In my last post I applauded Gaelen Foley for her brilliant use of vulnerability. I’ve read on since then and somehow an incredibly promising book just sort of fizzled out. So I want to explore how she used and abused the vulnerability card and see what can be learnt from it as a writer.
Our hero, Billy Blade, is a dangerous and dangerously intelligent gang leader in the rookeries of London. He ran away from his aristocratic home at the age of 13 because his father regularly beat him up and made him feel that he was worthless and unlovable.
What I would expect from a hero like this is that he’s morbidly suspicious of anything tender he might feel for someone else. But Foley allows Blade an immediate and yearning vulnerability. He longs for a less desperate life, for Jacinda Knight, and for the possibility that she just might like him.
This immediately endeared him to me. It made me realise I feel a little bit contemptuous of heroes who are so woefully stupid when it comes to their own feelings. And when Blade returns to sophisticated London and braves the contempt of his fashionable peers just to be near Jacinda, he becomes even more endearing. He was powerful and potent in the rookeries but his vulnerability turns him into something of a beta-hero, or the out-of-place underdog.
(That being said, I think you can also make it work to have a hero so distrustful that he obstinately refuses to understand his feelings. Loretta Chase’s Lord of Scoundrels is a brilliant example of this. Her hero won’t admit how he feels, but he is undone and made vulnerable nonetheless.)
what didn’t work:
I’ve thought about it quite a bit and come to the conclusion that the story fizzled because Blade gave in too absolutely to his vulnerability. He follows Jacinda back into society, and because he is so desperate to be with her and to be worthy of her, he submits to her attempts to civilize him and becomes the perfect gentleman.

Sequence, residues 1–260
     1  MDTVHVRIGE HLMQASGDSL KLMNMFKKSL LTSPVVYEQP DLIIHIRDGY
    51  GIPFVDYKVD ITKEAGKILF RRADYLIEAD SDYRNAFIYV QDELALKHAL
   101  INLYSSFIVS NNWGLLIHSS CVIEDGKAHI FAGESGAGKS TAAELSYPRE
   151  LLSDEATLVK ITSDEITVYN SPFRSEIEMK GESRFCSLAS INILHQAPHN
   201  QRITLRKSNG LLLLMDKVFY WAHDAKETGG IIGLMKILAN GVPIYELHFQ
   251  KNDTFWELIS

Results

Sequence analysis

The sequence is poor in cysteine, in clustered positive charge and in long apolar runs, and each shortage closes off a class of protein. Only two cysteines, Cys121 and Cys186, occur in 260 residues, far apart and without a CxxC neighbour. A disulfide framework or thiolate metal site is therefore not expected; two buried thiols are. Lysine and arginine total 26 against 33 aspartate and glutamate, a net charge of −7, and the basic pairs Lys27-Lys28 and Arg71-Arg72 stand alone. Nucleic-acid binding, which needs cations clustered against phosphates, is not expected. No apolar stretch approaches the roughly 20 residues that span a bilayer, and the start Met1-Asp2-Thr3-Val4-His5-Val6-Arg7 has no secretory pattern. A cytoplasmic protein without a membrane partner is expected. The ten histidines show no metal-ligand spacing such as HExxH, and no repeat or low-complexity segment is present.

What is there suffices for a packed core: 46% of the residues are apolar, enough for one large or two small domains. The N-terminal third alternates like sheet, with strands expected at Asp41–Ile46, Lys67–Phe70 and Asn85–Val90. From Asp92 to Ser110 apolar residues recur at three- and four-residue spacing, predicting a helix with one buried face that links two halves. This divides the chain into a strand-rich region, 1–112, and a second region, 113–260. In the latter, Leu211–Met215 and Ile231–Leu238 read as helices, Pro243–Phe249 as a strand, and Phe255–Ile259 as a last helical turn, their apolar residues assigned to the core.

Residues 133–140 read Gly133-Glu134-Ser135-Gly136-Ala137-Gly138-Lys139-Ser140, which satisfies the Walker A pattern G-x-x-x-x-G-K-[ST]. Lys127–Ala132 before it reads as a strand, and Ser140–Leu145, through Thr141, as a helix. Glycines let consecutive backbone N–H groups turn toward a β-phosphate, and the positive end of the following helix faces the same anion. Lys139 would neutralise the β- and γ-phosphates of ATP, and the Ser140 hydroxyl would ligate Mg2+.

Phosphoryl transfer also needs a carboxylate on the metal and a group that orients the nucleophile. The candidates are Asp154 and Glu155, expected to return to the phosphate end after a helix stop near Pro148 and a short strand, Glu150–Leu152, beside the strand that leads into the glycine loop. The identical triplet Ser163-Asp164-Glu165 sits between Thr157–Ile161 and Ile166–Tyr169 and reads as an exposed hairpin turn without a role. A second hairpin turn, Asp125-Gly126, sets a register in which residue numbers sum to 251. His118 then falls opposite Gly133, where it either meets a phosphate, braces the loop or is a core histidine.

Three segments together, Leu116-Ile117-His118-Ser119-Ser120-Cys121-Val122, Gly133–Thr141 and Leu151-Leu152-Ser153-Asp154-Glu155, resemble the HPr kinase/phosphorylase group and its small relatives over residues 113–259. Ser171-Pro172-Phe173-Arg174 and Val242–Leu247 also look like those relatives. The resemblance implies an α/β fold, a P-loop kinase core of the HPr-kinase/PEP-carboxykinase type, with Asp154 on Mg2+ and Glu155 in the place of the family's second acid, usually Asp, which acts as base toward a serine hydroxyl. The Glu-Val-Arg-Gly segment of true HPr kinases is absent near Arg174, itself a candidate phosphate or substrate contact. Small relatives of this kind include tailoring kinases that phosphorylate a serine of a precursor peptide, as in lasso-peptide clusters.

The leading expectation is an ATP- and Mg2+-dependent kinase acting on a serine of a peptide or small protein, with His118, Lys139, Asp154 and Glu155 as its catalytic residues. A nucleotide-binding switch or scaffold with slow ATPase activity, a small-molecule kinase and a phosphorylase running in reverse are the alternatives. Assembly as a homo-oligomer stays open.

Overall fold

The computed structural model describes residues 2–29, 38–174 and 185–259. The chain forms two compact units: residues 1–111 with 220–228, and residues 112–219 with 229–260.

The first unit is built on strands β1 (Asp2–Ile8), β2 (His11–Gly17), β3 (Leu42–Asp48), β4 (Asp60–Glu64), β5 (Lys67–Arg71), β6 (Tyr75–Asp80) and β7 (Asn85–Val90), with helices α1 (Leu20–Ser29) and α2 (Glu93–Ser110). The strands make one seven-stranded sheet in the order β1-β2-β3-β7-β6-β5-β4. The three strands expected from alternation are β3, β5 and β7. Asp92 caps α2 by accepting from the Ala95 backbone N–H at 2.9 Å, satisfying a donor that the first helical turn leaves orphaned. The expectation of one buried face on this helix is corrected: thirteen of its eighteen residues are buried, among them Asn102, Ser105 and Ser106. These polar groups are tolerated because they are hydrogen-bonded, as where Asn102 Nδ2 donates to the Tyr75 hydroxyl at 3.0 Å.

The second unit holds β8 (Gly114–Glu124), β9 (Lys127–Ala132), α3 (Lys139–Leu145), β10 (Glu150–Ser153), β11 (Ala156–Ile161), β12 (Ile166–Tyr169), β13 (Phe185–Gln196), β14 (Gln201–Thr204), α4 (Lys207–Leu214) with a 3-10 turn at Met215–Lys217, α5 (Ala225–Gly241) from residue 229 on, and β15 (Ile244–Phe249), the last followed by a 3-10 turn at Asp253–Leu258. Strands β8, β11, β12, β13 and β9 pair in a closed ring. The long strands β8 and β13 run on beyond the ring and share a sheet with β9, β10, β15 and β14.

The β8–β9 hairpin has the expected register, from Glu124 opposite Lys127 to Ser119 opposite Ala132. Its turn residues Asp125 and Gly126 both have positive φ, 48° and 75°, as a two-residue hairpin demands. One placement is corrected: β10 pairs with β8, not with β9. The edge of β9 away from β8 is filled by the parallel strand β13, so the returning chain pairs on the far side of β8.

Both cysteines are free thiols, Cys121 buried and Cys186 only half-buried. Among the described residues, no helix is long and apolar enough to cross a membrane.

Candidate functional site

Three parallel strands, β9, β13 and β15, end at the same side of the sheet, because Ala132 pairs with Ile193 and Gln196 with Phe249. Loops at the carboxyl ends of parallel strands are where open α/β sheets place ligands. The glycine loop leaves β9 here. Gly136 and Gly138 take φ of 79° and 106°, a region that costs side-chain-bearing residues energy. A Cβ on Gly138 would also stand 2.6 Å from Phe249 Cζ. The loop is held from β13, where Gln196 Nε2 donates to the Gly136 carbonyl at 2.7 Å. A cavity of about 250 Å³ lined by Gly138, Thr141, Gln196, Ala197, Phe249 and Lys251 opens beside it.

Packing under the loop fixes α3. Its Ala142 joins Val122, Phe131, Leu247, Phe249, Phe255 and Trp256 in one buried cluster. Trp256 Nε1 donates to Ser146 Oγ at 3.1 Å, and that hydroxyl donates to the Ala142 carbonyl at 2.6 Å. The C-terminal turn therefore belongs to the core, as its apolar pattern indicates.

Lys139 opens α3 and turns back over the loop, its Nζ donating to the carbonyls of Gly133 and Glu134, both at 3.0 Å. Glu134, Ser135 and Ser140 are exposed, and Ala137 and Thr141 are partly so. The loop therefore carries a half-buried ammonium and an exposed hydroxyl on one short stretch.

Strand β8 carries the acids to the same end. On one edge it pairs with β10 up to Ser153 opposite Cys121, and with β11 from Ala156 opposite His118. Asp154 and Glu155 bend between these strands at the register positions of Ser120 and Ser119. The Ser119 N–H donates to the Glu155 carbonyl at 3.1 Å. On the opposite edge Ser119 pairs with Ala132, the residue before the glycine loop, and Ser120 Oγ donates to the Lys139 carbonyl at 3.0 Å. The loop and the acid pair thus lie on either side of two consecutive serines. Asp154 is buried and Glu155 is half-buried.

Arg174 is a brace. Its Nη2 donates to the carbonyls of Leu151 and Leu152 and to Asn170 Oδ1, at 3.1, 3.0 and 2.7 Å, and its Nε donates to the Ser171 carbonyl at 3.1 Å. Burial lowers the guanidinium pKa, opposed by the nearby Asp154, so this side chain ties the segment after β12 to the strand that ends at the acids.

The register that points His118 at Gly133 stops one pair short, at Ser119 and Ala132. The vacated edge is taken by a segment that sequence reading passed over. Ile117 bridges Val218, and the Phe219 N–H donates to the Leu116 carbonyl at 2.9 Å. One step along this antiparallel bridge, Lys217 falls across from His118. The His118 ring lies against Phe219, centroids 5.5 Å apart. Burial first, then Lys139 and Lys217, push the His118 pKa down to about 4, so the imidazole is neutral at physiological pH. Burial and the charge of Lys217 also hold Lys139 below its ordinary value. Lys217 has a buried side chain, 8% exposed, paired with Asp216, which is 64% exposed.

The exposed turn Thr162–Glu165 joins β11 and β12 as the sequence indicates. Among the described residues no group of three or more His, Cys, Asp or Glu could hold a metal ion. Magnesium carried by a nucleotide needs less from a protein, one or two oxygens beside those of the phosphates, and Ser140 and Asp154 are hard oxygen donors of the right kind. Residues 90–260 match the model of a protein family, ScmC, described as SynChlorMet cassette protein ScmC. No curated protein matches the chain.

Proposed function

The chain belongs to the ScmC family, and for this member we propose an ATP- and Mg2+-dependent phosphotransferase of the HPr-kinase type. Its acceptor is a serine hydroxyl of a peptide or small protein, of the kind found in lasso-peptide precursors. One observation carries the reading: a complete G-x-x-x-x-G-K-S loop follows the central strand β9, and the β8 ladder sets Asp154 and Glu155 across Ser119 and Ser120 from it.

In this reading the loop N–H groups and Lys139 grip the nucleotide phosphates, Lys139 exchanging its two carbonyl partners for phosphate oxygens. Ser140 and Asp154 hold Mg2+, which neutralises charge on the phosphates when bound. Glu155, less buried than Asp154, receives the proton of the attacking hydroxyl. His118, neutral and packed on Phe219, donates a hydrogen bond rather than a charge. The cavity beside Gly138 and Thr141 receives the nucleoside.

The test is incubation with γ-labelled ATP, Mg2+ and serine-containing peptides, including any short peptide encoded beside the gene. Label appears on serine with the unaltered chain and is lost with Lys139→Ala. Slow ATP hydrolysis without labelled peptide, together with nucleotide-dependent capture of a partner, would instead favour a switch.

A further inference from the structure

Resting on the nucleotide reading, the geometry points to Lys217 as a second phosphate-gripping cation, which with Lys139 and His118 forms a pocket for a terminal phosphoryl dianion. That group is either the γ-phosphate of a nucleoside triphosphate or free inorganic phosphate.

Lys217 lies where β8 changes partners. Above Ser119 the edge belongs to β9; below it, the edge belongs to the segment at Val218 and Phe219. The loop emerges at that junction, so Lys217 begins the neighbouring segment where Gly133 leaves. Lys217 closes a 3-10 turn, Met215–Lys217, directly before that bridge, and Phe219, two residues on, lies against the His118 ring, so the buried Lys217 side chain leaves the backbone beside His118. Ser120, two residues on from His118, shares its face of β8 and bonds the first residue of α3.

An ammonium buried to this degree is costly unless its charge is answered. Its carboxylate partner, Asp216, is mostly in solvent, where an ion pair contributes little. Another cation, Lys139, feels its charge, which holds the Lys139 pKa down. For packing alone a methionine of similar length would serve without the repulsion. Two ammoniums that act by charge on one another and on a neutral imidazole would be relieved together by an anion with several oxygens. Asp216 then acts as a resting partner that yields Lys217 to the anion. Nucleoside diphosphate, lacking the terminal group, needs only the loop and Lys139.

In doing this he was following his secret yearnings/longings, but as a character he became indistinct and, dare I say it about what was an enormous character, boring.
In the last few chapters he redeems himself somewhat, bringing the two sides of himself into accordance with each other. But by that time I didn’t care as much, so it was a bit lost on me.
So annoying! I was 100% with them at the beginning.
Vulnerability works so well to create an interesting character. It complicates them; it divides how they perceive the world and how they act from what they really desire/fear; it makes them unpredictable; it makes them human.
But I think it only works in glimpses. Think about how you feel without your defenses. It’s incredibly powerful to be vulnerable, but also damn uncomfortable and not, I think, sustainable over long periods. We have certain defenses for a reason, and I think it’s important to know when it’s more dramatic to use the power of defenses or of vulnerability.
Also, those defenses we build that come to define who we are are what gives character.
erm, and the lesson?
What I take from this as a writer is that vulnerability needs to be used in the way I imagine painters use highlights or those certain colours you don’t even necessarily notice in a painting that bring out everything else more vividly. I think that if a character is too comfortable with being open and vulnerable for prolonged periods, or if their life comes too perfectly into line with their secret fears/desires, they become unbelievable or at least they lose all dramatic interest.
It could be useful to think about what you want a character to achieve/feel in any given scene and whether being powerful or powerless serves this, and whether that feeling comes from vulnerability or from long-held defenses.